Having NoScript block all domains, here, means I often have to take several attempts to view a site -- successively enabling more and more domains until the site "appears" to work. Some sites are very deliberate in refusing to work without Jscript enabled. Some refuse to work without Flash.
Each of these represents an inconvenience to me. But, as most of the sites that I am interested in are highly technical, I can put up with these occasional inconveniences.
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| > I pay $1/month for a paper statement. I doubt | | You're lucky. I've closed accounts when each notified me that | they wanted $8.95/month to mail me a single sheet of paper | with 1, 2 or, at most, *3* transactions on it! Note that | one of the banks was 1500 miles from here -- so its not | a "local phenomenon". |
TD Bank. And they're open on Sundays, too. :) I'm not sure I even want to know why you have numerous bank accouts on the other side of the country. :)
| Do you own any securities? Do any "trading"? |
No. I'm not a gambler. Frankly I think straight gambling on the stock market should be illegal, with something like a 90 day minimum period that stocks would have to be held and no option for buying options, which are merely bets. Then people would be investing in companies rather than just a big, glorified gambling hall.
| > You sound like you know what you're doing, so I | > wouldn't be inclined to tell you that you should change, | > but my way also works. Nearly all possible online attacks | > require javascript. | | If you look at the history of vulnerabilities, you'd realize that's | not the case. Buffer overflow exploits are still common -- despite | EVERYONE knowing about this sort of potential problem (yet | continuing to write NEW code that has the same flaws). |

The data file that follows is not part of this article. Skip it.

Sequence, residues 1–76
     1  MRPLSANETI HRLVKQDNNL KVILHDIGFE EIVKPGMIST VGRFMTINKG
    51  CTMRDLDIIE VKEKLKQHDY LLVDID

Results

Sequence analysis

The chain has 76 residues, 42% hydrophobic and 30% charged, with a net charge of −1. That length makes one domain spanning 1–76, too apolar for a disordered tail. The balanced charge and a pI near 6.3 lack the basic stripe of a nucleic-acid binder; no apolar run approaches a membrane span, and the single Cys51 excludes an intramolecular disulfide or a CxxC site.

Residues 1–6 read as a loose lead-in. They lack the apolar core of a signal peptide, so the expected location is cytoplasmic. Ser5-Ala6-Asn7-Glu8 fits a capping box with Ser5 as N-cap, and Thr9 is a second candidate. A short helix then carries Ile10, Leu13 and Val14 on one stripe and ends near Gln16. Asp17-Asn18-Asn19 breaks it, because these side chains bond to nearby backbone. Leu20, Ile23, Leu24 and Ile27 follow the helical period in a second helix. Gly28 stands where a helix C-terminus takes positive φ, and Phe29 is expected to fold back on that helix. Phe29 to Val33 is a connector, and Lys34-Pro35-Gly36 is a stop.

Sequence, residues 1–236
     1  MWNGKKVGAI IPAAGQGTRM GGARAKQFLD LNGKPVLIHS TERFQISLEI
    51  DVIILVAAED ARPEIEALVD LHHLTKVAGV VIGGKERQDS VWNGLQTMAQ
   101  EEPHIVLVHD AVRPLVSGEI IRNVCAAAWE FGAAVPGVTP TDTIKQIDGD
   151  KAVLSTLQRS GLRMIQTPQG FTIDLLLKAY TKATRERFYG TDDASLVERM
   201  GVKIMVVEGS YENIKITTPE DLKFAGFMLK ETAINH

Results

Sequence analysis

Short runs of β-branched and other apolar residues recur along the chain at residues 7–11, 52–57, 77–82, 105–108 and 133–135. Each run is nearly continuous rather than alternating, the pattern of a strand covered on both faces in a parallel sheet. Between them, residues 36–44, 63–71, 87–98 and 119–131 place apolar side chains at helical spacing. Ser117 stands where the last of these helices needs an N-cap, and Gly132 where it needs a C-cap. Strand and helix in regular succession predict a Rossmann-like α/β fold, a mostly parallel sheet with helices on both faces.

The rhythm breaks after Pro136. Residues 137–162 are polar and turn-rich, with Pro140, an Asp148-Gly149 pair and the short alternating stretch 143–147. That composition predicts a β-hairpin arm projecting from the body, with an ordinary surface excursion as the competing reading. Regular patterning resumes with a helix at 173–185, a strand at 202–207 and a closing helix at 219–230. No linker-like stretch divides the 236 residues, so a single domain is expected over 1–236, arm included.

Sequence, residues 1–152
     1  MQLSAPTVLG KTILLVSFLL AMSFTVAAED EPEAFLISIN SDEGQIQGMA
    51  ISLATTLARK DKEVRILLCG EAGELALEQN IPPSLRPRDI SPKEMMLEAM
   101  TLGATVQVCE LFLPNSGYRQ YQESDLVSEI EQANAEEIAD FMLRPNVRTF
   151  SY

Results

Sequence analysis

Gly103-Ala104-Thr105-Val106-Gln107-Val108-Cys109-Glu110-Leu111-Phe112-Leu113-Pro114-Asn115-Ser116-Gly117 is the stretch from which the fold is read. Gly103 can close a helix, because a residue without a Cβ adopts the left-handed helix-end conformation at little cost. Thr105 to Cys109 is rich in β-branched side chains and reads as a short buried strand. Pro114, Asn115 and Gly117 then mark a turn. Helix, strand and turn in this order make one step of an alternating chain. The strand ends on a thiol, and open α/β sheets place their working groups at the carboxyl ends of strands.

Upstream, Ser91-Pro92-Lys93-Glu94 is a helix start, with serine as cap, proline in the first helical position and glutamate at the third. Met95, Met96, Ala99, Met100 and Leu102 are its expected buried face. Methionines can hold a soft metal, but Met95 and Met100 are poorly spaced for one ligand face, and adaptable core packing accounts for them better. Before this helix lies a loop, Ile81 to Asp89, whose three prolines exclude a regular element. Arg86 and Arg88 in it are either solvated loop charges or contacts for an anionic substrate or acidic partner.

Buffer overflows require executable code. The point is to go back to what the Web was meant to be: A resource that can be accessed. Not remote software. However you look at it, nearly all risks online require script. It's true that there has been at least one issue with JPGs. That was actually a vulnerability in gdiplus.dll, the Windows extended graphics library. There was also once an issue with EMF files. It's not impossible to face a vulnerability with script disabled, but it's *very* unlikely. With script enabled, on the other hand, you're a sitting duck.
PDF exploits, as well as Flash, are also script issues. The MP4 bug you link to is a Flash problem. Likewise, the MP3 bug you linked to is with script in iTunes. What you're talking about is all executable code. The point is to get executable code out of the browser. Don't use Adobe crap at all. Don't enable script. Don't install Java. Don't run videos and music in browser plugins like Flash. Don't enable script in your PDF viewer. (For me this is easy. I don't like things moving on webpages while I'm trying to read. If I want to see a video I'll download it, so I can save a copy, and play it in VLC. If I can't download it I can't be bothered. I'm not going to sit around "watching TV" on my monitor.)